(Natural News) Fad diets aside, the ketogenic (keto), Mediterranean, and vegan diets are often considered the best ones for improving heart health.
The vegan diet
The vegan diet focuses primarily on vegetables and eliminates all meat and animal products.
Dr. Kim Williams, a cardiologist at Rush University Medical Center, explained that substituting animal protein with plant protein can help reduce mortality and cardiovascular risk factors “over a period of time.”
Earlier research has determined that the risk decreases the most when a person eliminates processed red meat from their diet. Unlike a diet high in meat, a vegan diet will also reduce high blood pressure.
Data also suggest that a plant-based diet also helps reduce levels of C-reactive protein, one of the markers of inflammation in the body.
Despite these benefits, the vegan diet isn’t perfect. Following this diet can result in a vitamin B12 deficiency because the vitamin is found in animal products. Vitamin B12 deficiency is also linked to anemia or reduced red blood cell counts. Anemia can also be caused by iron deficiency.
The Mediterranean diet
The Mediterranean diet allows the consumption of animal protein, but fish is preferred over red meat. The diet also involves the heavy use of extra-virgin olive oil, one of the main components of this diet.
A Mediterranean-based diet includes foods like:
- Fruits (e.g., apples, bananas, oranges, pears, and strawberries)
- Lots of vegetables (e.g., broccoli, cauliflower, kale, and tomatoes)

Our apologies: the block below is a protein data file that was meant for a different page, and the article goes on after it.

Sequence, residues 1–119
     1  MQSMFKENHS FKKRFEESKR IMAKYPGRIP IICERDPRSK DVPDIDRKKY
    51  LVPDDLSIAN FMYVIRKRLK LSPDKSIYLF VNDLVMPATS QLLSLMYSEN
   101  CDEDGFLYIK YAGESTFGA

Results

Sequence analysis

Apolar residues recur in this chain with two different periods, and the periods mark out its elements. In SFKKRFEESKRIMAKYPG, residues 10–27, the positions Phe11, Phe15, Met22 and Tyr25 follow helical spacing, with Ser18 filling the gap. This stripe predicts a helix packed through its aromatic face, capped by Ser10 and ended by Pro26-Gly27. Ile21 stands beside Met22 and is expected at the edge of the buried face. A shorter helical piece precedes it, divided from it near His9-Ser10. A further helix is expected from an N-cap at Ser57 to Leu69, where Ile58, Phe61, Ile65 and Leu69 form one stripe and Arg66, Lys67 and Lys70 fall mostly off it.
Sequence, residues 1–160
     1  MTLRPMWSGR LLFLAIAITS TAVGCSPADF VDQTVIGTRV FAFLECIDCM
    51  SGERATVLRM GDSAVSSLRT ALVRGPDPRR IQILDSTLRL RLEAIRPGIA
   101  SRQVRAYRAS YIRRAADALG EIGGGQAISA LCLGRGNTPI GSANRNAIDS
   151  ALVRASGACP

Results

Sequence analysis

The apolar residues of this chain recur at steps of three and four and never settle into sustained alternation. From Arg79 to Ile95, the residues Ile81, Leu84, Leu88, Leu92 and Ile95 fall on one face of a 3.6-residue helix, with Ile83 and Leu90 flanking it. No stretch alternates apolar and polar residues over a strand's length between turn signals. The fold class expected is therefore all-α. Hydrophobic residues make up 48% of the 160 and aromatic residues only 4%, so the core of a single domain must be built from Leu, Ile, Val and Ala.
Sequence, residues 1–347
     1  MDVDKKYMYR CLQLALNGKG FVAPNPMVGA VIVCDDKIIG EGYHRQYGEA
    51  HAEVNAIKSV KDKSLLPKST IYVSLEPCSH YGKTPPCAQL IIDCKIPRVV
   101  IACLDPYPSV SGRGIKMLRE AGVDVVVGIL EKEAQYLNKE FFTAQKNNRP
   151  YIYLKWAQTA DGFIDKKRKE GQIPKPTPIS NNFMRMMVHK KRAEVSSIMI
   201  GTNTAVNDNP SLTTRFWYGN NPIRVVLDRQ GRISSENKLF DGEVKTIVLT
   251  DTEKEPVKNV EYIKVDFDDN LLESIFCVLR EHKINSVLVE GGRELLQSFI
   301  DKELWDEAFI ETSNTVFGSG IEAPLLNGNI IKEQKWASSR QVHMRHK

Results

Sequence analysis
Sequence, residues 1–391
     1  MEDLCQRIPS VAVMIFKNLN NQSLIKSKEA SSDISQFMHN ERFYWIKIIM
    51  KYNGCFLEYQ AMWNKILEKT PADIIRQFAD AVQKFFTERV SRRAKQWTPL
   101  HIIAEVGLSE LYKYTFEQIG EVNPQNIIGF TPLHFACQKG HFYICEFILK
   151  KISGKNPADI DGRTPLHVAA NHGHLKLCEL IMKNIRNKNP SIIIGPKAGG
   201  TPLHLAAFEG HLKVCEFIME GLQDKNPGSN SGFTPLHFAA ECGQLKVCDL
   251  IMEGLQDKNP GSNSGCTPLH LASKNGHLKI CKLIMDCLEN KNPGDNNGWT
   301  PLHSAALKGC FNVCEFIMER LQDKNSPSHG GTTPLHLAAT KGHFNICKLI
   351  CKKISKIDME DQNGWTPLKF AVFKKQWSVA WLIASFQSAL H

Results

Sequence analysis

- Nuts (e.g., almonds, macadamia nuts, sunflower seeds, and walnuts)
- Wine (in moderation)
Data also suggest that this diet reduces levels of “bad” cholesterol and that it is connected to a lower risk of death due to heart disease.
The keto diet
The keto diet is low in carbohydrates, high in fat, and allows a moderate amount of protein. Dr. Sarah Hallberg, the medical director at Virta Health, advised that the keto diet is a whole food diet and not a processed-food diet.
When following this diet, you can consume some berries, dairy, non-starchy vegetables, nuts, and seeds that contain carbohydrates. However, you need to avoid foods such as grains and potatoes or anything that contains sugar. Dr. Hallberg added that the keto diet may help minimize risk factors for cardiovascular disease. (Related: The keto diet: Tips to make sure that the eating plan is working for you.)
Researchers agree that regardless of which diet you choose to follow, whole foods are much better than processed foods.
Dr. David Katz, a preventive medicine specialist at Yale University’s Yale-Griffin Prevention Research Center, warned that other diets are significantly better than the standard American diet, which is full of fried foods, red meat, and sugary foods.
If you want to boost your heart health, reconsider your current diet and consume more whole foods.